I followed-up Anime Hell with even more weirdness in the form of the Awesomely Bad Japanese Music Videos panel.  And while I took exception to the (somewhat predictable) inclusion of BABYMETAL's "Headbangya!!" video being included in the evening's line-up, it was otherwise very enjoyable and humorous.  Indeed, if you combine the excess of the 80s with the typical Japanese flair, you really get some interesting results.  Check out their Facebook page for some of the wackiness.  Huge thanks to these folks for introducing me to the wonder that is BUBBLE-B feat. ENJO-G!

Given my physical condition and age, I decided the evening's dance was out of the question, and it was time to head back to the hotel.  MAYBE I'd give the Saturday dance a shot if I was feeling really adventurous.

"I'm on my way!" AKA Lake of Clouds AKA Requisite Shot From the Plane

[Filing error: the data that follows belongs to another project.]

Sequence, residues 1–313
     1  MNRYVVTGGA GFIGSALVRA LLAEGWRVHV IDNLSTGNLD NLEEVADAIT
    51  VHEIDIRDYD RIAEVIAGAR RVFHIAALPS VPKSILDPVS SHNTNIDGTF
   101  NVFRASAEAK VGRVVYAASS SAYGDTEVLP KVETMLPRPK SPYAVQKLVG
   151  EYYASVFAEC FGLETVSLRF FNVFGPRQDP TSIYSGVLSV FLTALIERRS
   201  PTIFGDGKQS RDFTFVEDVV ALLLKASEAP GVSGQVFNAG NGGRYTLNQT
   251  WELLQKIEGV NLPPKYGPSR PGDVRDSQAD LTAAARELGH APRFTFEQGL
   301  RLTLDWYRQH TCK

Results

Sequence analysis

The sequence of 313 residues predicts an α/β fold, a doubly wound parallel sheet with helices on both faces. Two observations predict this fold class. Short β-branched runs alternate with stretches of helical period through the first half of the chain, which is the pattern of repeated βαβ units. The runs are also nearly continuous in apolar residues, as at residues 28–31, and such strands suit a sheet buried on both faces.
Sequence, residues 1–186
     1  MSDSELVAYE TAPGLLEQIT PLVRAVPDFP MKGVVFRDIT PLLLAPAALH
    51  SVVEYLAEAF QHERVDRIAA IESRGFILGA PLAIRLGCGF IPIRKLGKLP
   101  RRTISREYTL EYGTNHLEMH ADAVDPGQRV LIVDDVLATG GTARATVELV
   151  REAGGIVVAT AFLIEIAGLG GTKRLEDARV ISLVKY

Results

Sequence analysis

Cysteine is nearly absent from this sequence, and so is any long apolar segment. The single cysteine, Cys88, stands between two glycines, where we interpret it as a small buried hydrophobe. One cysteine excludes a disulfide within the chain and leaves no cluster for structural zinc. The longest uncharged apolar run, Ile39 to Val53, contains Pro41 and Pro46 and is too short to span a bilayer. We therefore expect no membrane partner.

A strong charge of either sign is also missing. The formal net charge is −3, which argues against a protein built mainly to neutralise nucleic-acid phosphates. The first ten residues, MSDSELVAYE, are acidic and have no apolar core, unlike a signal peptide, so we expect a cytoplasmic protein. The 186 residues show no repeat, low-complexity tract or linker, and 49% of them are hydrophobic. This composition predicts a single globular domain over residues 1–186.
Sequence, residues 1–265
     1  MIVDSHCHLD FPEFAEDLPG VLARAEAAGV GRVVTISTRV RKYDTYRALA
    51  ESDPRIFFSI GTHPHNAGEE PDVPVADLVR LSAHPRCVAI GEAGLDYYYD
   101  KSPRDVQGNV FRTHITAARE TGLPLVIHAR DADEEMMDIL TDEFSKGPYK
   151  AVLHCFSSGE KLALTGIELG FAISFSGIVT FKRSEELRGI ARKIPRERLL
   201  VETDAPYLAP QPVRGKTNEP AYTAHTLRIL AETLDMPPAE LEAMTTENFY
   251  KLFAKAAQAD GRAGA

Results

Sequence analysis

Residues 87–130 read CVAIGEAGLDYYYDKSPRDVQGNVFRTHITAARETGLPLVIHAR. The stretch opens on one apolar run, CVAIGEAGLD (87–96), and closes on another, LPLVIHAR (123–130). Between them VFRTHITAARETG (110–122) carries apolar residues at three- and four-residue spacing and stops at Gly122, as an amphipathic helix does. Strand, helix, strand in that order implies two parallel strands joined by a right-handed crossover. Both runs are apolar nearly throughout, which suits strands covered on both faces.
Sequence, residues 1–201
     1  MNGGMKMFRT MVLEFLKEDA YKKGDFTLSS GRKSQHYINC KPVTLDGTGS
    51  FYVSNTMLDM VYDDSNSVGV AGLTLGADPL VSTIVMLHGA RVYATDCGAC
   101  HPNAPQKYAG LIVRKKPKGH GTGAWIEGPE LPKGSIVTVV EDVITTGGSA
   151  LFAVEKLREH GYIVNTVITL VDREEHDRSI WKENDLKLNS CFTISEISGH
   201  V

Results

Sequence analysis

Yep, it's a convention!

Consumerism Central AKA Kiss Your Savings Goodbye AKA Dealer Room

Artist's Alley

Opening Ceremonies AKA It's ON!

Pretty Typical Hotel View


Perhaps thanks to my early retirement the night before, I managed to make it to the complimentary breakfast at the hotel.  Pretty predictable fare, but I didn't have to go out to find food in the morning, so I can't complain.  I will forever be spoiled by the breakfast I got at the hotel I stayed at the first time I went to Japan, but this one's modest buffet got the job done.

After squeezing in a little more sleep after breakfast, it was back to the con for the main events of the weekend for me.  Indeed, today s#%& was about to get real!

I opted for the Shinichiro Watanabe (director of such series as Macross Plus, Cowboy Bebop, Samurai Champloo and Space Dandy) panel over the digital anime drawing performance because...Cowboy Bebop!  For lack of a better way of putting it, Watanabe-san is a cool cat, whose musical interests - ranging from jazz and blues to hiphop and punk - shine through in his many unique projects.  He's a vet and his experience shows.  He's also got a good sense of humor, which is always a plus for events like these where some guests' dry, withdrawn, professional personalities can prove cricket-and-tumbleweed-inducing to Q and A sessions.